In the Evergreen Cemetery, they buried the nameless ones.
Hundreds had waited in the heavy rain at the entrance to the cemetery. With silence, bared heads, tears, they honored the dead as they passed. But once again, as at the morgue, there were the curious and the disorderly. As the hearses moved into the cemetery, "half-grown boys ran at top speed through the grounds, jumping over and on the graves," the Tribune reported.
A pit 15 feet long had been dug. The eight coffins were placed alongside of it. At the end of the pit a small tent had been erected.
The small group of city officials huddled in the rain in front of the tent. Commissioner Drummond expressed the sorrow of the city. Then Monsignor William J. White read the Catholic service over one body. Father William B. Farrell made the responses.
The Episcopal burial service was read by the Reverend Dr. William B. Morrison over another body.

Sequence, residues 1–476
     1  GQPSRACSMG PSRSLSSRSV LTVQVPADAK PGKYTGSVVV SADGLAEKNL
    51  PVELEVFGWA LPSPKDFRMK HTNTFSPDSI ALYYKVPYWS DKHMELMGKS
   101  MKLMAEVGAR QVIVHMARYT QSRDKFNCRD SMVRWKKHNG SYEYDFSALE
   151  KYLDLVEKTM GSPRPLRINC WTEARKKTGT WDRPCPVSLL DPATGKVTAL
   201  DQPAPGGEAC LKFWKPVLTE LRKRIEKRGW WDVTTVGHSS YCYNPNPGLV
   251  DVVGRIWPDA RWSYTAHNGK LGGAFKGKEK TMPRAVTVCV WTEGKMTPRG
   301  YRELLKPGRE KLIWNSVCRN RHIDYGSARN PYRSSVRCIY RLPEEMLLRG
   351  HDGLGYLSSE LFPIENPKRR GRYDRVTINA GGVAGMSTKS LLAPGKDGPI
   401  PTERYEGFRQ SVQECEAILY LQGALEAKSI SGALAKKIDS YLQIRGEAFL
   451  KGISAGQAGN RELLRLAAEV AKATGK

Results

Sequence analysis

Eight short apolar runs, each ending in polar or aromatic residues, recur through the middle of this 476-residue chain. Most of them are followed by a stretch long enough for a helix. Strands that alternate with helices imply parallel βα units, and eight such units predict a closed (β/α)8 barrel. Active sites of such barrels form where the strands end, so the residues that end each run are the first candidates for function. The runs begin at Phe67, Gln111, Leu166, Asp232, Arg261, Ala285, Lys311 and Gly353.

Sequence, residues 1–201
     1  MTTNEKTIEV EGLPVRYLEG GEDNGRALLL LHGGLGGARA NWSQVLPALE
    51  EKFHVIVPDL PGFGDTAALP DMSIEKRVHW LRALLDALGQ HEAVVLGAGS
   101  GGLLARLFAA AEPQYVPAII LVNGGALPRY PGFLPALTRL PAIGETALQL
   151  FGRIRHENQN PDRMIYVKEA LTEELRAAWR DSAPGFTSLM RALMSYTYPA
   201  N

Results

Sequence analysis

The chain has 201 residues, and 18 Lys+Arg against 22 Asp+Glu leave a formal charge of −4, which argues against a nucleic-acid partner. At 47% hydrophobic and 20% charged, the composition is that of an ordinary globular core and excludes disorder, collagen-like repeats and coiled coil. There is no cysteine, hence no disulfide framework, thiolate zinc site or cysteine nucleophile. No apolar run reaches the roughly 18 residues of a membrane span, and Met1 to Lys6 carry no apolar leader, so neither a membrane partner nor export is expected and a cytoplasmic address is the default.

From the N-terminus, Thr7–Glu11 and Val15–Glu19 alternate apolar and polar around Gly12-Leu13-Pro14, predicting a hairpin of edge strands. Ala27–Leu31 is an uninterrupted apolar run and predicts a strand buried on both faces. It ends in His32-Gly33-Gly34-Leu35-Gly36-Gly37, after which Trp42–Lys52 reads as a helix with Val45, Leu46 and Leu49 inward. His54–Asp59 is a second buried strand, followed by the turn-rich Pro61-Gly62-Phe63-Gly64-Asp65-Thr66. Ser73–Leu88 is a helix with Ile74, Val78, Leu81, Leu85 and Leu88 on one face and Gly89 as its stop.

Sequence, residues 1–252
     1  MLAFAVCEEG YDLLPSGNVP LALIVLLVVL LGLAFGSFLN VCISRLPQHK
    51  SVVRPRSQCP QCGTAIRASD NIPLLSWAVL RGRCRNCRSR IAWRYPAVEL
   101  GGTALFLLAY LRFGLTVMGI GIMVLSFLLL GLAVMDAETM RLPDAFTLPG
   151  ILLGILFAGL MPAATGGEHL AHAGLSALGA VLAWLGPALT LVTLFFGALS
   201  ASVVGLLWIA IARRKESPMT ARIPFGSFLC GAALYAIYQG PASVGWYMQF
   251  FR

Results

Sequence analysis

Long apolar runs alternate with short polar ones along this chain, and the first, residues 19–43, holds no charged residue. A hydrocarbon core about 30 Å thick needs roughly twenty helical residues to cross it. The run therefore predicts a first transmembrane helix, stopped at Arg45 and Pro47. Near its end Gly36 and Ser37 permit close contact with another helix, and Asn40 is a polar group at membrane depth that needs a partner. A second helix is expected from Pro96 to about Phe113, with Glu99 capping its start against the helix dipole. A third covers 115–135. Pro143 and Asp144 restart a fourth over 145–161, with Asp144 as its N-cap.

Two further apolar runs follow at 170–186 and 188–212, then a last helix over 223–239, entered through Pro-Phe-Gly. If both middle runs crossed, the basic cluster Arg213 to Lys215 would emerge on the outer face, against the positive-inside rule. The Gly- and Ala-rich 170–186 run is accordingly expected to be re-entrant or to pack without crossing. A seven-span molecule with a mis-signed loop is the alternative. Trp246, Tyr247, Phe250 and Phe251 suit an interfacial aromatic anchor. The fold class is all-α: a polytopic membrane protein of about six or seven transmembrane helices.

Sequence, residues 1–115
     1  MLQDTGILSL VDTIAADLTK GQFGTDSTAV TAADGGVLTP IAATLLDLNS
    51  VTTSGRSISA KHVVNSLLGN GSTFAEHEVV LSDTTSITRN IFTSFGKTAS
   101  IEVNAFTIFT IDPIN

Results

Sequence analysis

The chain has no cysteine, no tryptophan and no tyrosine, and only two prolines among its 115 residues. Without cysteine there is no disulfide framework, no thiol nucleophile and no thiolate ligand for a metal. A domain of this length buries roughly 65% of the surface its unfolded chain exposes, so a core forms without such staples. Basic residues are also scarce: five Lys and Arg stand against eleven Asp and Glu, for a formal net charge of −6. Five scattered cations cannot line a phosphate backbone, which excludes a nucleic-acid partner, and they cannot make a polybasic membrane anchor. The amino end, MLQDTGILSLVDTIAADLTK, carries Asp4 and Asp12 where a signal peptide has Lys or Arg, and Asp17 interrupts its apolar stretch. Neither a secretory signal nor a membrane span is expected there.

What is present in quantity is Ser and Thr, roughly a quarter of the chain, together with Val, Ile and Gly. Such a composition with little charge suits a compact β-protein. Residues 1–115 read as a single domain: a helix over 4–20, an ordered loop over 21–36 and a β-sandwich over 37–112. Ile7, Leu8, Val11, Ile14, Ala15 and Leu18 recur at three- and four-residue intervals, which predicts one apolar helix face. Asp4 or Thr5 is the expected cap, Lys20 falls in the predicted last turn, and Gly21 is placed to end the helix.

After that, Rabbi Judah L. Magnus spoke ancient Hebrew words.
Architect Flanagan had drawn up a plan for the burial plot that would make future identifications possible. He stood over the pit and pointed out each place as the caskets were lowered:
The eighth casket had neither name nor number. "It contained the dismembered fragments picked up at the fire by the police and unclaimed," said the Herald.
Leon Stein, The Triangle Fire (New York: A Carroll & Graf/Quicksilver Book, 1962), pp. 154-155.
The Kheel Center would like to thank Mrs. Miriam Stein and Barbara Ismail for granting permission to use selections from the late Leon Stein's book.